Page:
The moment we stepped foot in Rome we felt slightly overwhelmed. For starters we only had 2 days in Rome, and with so much to see and do we really didn’t know where to begin or how to fit it all in. If you are only spending a short time in the city like us your best bet is to wake up early and plan ahead. We have put together this 2 day Rome itinerary to help you make the most of your time in the city.
- Rome Factsheet
- 2 days in Rome – Getting around
- Where to stay in Rome
- When to visit Rome
- Money Matters – 2 days in Rome
- What to do in Rome in 2 days
- 2 Day Rome itinerary
- Weekend in Rome – must have packing list
- Tips for your weekend in Rome
- Romantic things to do during your weekend in Rome
- Day trips from Rome
- 2 day Rome itinerary – A recap
Language Spoken: Italian
Closest Airports: Leonardo da Vinci International Airport and Ciampino (think Ryanair)
Population: 2.8 million
2 days in Rome – Getting around
Driving in Rome is, well, to put it politely a little bit crazy. In the first few minutes of exploring the city we got beeped at repeatedly for not crossing the road fast enough, and were nearly hit by a scooter even though we had a green pedestrian light. So driving was never going to be an option.
Public transport is your best bet and in all honestly it is really easy to negotiate. You can purchase a pass that will allow you access to buses (which run 24 hours by the way) and the subway. Tickets can be bought at the train station via a vending machine, or if like us you are terrible at using foreign ticket machines (the shame) you can also purchase them from any tobacconist. Always remember to validate your ticket before you ride. There is actually a 3 day tourist pass you can purchase for a little over €10 which is convenient if you are staying that little bit longer or if you need to get to the airport the next day.
Where to stay in Rome
We stayed near Termini Station which is the main train station in Rome. There are a lot of hotels around here, but I should warn you that on the outside the area can look a little rough around the edges. That being said it is pretty safe as long as you have your wits about you, and because there are so many hotels around you will find people walking around at all hours. One thing we liked about the area was that there were lots of restaurants and bars around here, and it was close to public transport. If you need some hotel inspiration we recommend booking through hotels.com.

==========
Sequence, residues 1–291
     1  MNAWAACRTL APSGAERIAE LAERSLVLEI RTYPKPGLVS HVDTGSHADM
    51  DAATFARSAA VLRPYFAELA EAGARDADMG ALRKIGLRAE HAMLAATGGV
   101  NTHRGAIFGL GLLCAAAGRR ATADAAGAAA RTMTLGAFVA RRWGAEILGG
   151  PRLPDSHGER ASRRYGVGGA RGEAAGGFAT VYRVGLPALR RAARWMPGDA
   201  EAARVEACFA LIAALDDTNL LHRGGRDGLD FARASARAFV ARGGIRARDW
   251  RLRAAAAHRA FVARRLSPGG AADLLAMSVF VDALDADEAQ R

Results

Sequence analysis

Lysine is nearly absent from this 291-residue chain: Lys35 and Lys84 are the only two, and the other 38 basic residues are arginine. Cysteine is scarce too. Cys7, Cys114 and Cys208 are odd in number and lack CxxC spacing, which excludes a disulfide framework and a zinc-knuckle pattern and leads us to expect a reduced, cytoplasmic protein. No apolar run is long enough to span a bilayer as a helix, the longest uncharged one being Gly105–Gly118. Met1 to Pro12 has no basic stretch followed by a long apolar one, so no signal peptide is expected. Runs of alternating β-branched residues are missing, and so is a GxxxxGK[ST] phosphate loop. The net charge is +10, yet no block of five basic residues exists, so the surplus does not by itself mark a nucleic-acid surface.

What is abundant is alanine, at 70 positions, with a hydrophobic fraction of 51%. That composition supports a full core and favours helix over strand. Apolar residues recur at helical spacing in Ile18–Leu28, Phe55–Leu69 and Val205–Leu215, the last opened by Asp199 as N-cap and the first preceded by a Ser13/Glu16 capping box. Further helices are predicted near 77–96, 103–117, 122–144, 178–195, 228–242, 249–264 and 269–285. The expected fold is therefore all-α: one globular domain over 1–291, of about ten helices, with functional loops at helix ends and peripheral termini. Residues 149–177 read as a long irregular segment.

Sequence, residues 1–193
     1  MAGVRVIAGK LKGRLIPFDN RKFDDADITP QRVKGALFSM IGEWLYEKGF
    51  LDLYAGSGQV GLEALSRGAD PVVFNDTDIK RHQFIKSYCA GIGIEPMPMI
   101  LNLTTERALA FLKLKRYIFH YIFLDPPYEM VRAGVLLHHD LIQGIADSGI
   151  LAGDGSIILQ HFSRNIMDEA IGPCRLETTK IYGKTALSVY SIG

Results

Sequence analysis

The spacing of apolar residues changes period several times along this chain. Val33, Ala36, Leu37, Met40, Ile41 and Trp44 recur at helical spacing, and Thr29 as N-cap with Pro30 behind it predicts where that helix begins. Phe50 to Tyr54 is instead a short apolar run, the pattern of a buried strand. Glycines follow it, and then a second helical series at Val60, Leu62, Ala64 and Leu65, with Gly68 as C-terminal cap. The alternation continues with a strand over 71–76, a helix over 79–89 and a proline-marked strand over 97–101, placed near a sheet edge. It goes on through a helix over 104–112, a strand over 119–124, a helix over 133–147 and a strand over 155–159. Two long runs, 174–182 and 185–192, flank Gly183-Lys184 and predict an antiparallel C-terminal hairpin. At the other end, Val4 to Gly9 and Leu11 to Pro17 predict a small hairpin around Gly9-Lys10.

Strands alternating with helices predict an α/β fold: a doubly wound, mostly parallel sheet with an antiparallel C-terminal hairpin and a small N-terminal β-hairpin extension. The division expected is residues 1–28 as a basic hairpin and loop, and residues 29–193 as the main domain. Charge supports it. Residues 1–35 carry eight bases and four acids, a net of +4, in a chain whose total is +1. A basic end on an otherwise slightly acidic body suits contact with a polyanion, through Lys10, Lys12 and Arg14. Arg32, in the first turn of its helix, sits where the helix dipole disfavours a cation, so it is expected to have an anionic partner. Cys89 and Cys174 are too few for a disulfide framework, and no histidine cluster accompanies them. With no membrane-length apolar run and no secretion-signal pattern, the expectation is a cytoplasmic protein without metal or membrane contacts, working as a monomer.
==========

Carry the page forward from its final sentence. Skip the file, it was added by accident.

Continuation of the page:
When to visit Rome
We visited Rome in March which was good because there weren’t too many tourists around, or at least not as many as you would find in the summer months. The weather was pretty mild, although on our last day we did have a massive downpour of rain whilst exploring the Roman Forum. I should add there is not a lot of shelter there, so it wasn’t fun!
June – September tends to be the peak season in Rome, and we don’t advise visiting during this time. Not only do things like hotel prices become inflated but you have to line up for ages just to get in anywhere. It is also really hot.
In our experience the ideal time to visit is around March or April. The weather is mild although you do get the occasional bout of rainy weather so keep this in mind.
Money Matters – 2 days in Rome
We actually ended up spending far less money than we had anticipated after our 2 days in Rome. That’s not to say that Rome is incredibly cheap, but we tried to be a little bit savvy when it came to money. For starters as mentioned above we stayed near Termini Station. It isn’t the nicest area, but it is safe, and lots of tourists do stay here. You also tend to find cheaper hotels, that are still pretty decent.
In terms of tourist attractions, a lot of them are actually free. For example, the Pantheon and St Peters Basilica are totally free. So is looking at the Colosseum from the outside. If you do want to go in it is about €12 and this includes entry to the Roman Forum and Palatine Hill.
Food can be expensive but if you avoid the tourist traps then it isn’t too bad. We also practically lived off cheese pizza in Rome and whilst it is not the healthiest thing, it is cheap. And you know when in Rome right?!
What to do in Rome in 2 days